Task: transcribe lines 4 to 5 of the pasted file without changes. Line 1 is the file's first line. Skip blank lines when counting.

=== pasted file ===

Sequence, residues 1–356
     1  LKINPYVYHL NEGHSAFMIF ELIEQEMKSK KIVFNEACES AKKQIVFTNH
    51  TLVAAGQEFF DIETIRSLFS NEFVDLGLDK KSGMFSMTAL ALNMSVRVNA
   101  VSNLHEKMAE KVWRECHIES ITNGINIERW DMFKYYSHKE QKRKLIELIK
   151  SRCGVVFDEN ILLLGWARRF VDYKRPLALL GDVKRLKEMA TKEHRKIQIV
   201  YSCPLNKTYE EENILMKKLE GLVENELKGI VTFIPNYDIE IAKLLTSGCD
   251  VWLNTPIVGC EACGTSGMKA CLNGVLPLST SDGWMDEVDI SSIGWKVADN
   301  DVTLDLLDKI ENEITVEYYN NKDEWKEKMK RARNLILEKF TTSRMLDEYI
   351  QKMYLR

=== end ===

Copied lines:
   101  VSNLHEKMAE KVWRECHIES ITNGINIERW DMFKYYSHKE QKRKLIELIK
   151  SRCGVVFDEN ILLLGWARRF VDYKRPLALL GDVKRLKEMA TKEHRKIQIV